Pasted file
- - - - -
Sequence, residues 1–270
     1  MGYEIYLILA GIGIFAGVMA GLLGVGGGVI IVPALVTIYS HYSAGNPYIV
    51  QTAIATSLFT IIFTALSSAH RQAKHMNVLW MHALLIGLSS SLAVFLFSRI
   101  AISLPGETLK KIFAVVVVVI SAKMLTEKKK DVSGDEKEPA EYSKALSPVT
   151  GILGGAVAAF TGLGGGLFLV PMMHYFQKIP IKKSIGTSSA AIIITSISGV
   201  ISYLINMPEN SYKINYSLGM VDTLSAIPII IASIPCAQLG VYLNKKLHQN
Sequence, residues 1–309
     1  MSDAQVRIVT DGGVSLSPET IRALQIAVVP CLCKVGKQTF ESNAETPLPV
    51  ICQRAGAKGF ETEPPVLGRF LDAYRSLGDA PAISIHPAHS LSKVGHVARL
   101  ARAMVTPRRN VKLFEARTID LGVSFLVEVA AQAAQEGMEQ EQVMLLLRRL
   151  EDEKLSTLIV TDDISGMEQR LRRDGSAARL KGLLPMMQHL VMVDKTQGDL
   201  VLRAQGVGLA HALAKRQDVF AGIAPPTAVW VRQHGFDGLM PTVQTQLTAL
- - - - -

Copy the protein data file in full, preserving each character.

Sequence, residues 1–270
     1  MGYEIYLILA GIGIFAGVMA GLLGVGGGVI IVPALVTIYS HYSAGNPYIV
    51  QTAIATSLFT IIFTALSSAH RQAKHMNVLW MHALLIGLSS SLAVFLFSRI
   101  AISLPGETLK KIFAVVVVVI SAKMLTEKKK DVSGDEKEPA EYSKALSPVT
   151  GILGGAVAAF TGLGGGLFLV PMMHYFQKIP IKKSIGTSSA AIIITSISGV
   201  ISYLINMPEN SYKINYSLGM VDTLSAIPII IASIPCAQLG VYLNKKLHQN
Sequence, residues 1–309
     1  MSDAQVRIVT DGGVSLSPET IRALQIAVVP CLCKVGKQTF ESNAETPLPV
    51  ICQRAGAKGF ETEPPVLGRF LDAYRSLGDA PAISIHPAHS LSKVGHVARL
   101  ARAMVTPRRN VKLFEARTID LGVSFLVEVA AQAAQEGMEQ EQVMLLLRRL
   151  EDEKLSTLIV TDDISGMEQR LRRDGSAARL KGLLPMMQHL VMVDKTQGDL
   201  VLRAQGVGLA HALAKRQDVF AGIAPPTAVW VRQHGFDGLM PTVQTQLTAL